Immunology Graduate Program
Mentor: Chandrashekhar Pasare, Ph.D.
Hometown: Jaipur, India
Award: Streilein Award for best performance in the IGP qualifying exam
I believe that research in basic science has all the qualities that one can ask for in a dream job. The pursuit to find the unknown is not only highly engaging and thrilling but also gives you a real shot at making a difference on a large scale.
The outstanding faculty including many Nobel laureates, National Academy members and Howard Hughes investigators at UTSW put it on top of my list. The umbrella program at UTSW was another very attractive feature to me. Coming in from an engineering background I wanted the opportunity to explore different fields of research before joining a specific program. The graduate school curriculum is designed for such open minded people, which is something not many schools offer.
“There is a deep seated culture of collaboration that helps projects move forward faster and equips us to take new directions.”
In my research, I am trying to understand how our immune system, specifically T cells, start attacking our own cells in diseases like rheumatoid arthritis, multiple sclerosis, etc. I have identified the immune checkpoints that keep the T cell responses restricted in a non-pathogenic scenario while making sure to mount a rapid response during infections. The idea is to unravel basic biology of T cell responses in order to inspire improved therapeutic options for both autoimmune diseases as well as immune suppression.
The research labs associated with the program have made significant contributions to the field of innate sensing, autoimmunity, as well as host-commensal interactions. The faculty is very friendly and focused on quality training. Having access to cutting edge technology like a highly advanced sequencing core, germ-free mouse facility, etc. allows us to ask challenging questions that have never been possible to be answered before.
Immunology Graduate Program
Mentor: Lora Hooper, Ph.D.
Hometown: Sacramento, CA
Awards/Fellowships: Immunology T32 Training Grant
I grew up with a fondness for medicine and the biological sciences; however what drew me to basic research was the emphasis on problem solving and critical thinking. I believe that the rigorous attention-to-detail taught in scientific research is invaluable not only professionally, but also as a translatable soft skill outside of science.
I chose to come to UT Southwestern because of the ability to participate in cutting edge biomedical research in a very warm and collaborative environment. The accelerated curriculum also allows students to focus on their thesis work relatively quickly. As a bonus, UT Southwestern is nestled in a very affordable part of Dallas that allows students to live comfortably outside of the lab and have a great work-life balance.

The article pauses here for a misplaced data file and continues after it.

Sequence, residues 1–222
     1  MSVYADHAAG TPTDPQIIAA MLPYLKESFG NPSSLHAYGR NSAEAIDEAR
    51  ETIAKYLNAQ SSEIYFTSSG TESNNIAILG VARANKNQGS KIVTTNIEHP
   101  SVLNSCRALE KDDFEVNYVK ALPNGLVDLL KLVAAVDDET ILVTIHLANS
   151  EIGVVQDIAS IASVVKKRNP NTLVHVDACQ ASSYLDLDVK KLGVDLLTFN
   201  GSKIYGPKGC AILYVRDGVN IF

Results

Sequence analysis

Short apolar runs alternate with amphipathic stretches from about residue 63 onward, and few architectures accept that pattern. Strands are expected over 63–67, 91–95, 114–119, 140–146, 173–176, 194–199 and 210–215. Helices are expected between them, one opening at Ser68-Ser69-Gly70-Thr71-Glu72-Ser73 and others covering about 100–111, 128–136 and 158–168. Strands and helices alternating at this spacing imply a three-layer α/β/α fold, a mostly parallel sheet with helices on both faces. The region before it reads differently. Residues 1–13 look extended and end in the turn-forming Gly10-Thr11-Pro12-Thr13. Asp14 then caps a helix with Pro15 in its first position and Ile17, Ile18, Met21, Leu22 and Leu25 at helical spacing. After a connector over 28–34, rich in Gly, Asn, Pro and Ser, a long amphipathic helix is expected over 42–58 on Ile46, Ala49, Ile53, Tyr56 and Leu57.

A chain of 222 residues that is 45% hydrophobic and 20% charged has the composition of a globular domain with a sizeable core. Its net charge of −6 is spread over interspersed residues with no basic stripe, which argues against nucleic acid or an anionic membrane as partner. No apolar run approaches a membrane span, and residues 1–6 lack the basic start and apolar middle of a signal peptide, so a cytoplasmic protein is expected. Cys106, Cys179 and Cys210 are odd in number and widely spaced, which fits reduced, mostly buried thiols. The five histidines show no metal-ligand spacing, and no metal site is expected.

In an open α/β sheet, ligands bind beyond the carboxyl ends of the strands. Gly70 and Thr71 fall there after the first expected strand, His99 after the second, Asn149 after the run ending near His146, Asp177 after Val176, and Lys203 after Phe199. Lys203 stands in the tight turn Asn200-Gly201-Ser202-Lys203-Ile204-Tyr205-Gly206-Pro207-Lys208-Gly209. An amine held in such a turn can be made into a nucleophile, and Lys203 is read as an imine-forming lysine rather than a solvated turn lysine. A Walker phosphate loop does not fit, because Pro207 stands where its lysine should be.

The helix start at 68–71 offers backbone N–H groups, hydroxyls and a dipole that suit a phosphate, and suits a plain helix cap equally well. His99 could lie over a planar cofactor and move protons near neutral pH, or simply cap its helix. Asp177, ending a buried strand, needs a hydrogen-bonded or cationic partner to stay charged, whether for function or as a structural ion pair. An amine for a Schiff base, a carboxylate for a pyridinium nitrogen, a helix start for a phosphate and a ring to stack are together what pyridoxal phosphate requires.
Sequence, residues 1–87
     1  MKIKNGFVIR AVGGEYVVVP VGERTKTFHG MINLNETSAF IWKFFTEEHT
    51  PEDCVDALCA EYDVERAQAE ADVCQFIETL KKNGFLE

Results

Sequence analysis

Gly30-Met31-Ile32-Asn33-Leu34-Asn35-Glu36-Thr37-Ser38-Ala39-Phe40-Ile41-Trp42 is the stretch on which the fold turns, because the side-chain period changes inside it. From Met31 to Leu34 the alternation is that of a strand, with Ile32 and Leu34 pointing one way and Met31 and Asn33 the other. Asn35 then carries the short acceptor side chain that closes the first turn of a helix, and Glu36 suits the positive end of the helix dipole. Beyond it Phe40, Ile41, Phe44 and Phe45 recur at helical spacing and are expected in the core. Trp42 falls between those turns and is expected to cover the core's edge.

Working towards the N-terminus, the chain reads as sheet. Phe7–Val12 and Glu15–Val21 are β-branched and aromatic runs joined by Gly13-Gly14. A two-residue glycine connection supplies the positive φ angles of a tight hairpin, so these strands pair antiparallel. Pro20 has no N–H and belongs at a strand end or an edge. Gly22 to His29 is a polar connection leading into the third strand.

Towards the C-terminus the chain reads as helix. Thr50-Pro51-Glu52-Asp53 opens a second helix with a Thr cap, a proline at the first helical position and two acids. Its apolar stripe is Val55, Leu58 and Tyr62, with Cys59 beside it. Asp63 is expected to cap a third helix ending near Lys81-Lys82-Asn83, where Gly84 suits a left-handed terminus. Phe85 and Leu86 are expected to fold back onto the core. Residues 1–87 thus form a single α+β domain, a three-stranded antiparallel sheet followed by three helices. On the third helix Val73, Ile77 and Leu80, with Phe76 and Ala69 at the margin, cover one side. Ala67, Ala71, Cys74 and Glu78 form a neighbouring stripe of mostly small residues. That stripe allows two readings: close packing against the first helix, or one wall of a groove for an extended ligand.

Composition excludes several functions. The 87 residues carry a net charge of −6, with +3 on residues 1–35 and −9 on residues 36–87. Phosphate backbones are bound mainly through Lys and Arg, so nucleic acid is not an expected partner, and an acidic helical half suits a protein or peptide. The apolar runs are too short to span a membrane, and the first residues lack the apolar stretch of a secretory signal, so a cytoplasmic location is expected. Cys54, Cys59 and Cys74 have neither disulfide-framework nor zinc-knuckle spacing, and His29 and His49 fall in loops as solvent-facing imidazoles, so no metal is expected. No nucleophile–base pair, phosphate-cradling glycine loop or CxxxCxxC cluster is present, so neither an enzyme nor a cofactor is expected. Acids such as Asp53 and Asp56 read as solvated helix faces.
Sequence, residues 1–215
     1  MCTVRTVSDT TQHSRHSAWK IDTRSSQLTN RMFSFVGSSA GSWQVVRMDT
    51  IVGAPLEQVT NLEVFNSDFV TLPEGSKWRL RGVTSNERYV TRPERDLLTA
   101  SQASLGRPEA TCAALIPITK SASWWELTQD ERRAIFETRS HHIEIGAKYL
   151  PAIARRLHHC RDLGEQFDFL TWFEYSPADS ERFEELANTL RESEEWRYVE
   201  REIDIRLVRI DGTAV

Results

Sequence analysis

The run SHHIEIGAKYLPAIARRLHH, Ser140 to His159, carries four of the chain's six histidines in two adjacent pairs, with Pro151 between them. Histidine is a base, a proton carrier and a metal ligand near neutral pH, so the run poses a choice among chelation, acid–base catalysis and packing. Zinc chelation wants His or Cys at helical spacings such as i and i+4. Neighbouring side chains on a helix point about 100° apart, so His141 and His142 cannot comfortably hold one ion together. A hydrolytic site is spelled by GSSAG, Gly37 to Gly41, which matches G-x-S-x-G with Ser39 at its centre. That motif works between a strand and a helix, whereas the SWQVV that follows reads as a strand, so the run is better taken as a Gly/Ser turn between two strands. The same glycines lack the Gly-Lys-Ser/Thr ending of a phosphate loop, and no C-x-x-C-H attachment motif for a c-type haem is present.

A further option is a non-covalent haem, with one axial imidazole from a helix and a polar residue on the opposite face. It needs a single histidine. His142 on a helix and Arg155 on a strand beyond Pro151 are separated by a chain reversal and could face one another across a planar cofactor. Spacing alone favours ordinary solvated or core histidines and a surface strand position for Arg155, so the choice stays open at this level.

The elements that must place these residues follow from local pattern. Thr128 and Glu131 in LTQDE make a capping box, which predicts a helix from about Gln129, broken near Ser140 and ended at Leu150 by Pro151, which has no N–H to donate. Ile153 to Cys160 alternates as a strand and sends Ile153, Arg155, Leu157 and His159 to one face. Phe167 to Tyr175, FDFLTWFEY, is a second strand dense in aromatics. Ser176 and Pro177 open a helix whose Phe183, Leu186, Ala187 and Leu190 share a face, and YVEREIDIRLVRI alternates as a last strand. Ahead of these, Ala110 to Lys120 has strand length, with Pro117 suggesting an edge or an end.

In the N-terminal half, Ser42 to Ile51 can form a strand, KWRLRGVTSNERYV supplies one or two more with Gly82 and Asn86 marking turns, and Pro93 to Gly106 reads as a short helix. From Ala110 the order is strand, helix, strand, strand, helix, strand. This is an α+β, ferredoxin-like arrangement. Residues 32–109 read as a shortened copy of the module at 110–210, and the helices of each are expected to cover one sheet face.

“The Immunology program leadership encourages a high level of camaraderie between students, postdoctoral trainees, and faculty.””
My work in the Hooper lab centers on the mechanism by which our innate immune system metabolizes retinol (vitamin A) and the ability of our intestinal microbes to augment this process. Given the abundance of retinol in our diets and its ability to exert specific functions in almost every system in our bodies, my project is an exciting opportunity to add another layer of complexity to the biological intersection of host and microbe.
The Immunology program at UT Southwestern is a melting pot of high impact research that focuses on a wide variety of topics, which gives students a unique opportunity to tailor their skill-sets to specific interests. The program is also composed of a mix of young and senior faculty that provides students with exposure to a diverse array of expertise and mentoring styles. In addition, the program has the good fortune of progressive leadership that is constantly working to ensure a positive student experience.
Another great aspect of the GDD program is that it provides many opportunities for scientific growth. With a combination of work-in-progress seminars, poster sessions, presentations, student-run organizations (Science policy, creative art, journal clubs, among others), we are able to polish our communication skills, critical thinking, and expand our career options. Although these aspects are not unique to our program, the GDD student community knows how important these aspects are for our and future GDD students development. The Immunology program leadership encourages a high level of camaraderie between students, postdoctoral trainees, and faculty.